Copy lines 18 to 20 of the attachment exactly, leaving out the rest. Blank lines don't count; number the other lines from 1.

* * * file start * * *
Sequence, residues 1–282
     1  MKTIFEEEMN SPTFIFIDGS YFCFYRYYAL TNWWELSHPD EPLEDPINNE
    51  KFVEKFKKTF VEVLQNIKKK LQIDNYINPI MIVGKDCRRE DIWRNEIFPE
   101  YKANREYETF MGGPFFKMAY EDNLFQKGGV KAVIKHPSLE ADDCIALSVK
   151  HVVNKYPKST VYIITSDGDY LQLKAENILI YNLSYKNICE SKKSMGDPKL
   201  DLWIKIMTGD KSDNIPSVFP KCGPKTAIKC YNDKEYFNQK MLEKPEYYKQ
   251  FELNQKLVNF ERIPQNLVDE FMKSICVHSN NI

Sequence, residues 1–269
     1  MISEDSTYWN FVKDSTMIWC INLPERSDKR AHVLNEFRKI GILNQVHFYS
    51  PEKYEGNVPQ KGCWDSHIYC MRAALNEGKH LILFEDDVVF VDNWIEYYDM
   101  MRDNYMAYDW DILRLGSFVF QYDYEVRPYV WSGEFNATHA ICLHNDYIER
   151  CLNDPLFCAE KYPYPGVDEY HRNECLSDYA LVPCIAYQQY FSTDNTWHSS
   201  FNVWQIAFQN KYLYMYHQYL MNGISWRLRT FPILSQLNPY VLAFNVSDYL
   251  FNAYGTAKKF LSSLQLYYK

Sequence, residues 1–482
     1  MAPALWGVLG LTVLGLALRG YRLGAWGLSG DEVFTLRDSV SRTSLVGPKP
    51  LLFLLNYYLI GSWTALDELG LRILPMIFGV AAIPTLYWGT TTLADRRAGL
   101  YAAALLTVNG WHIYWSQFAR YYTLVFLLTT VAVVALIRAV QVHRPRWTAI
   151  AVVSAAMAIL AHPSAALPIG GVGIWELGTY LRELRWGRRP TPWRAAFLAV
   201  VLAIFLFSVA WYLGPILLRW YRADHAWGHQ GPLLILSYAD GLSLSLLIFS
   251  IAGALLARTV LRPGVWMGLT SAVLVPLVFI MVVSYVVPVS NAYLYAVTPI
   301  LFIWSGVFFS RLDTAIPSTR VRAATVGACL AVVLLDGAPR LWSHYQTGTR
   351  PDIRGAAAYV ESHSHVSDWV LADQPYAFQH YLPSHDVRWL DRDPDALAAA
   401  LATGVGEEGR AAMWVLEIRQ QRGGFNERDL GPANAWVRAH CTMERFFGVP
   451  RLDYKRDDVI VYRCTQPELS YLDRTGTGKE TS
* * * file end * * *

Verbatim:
   101  YAAALLTVNG WHIYWSQFAR YYTLVFLLTT VAVVALIRAV QVHRPRWTAI
   151  AVVSAAMAIL AHPSAALPIG GVGIWELGTY LRELRWGRRP TPWRAAFLAV
   201  VLAIFLFSVA WYLGPILLRW YRADHAWGHQ GPLLILSYAD GLSLSLLIFS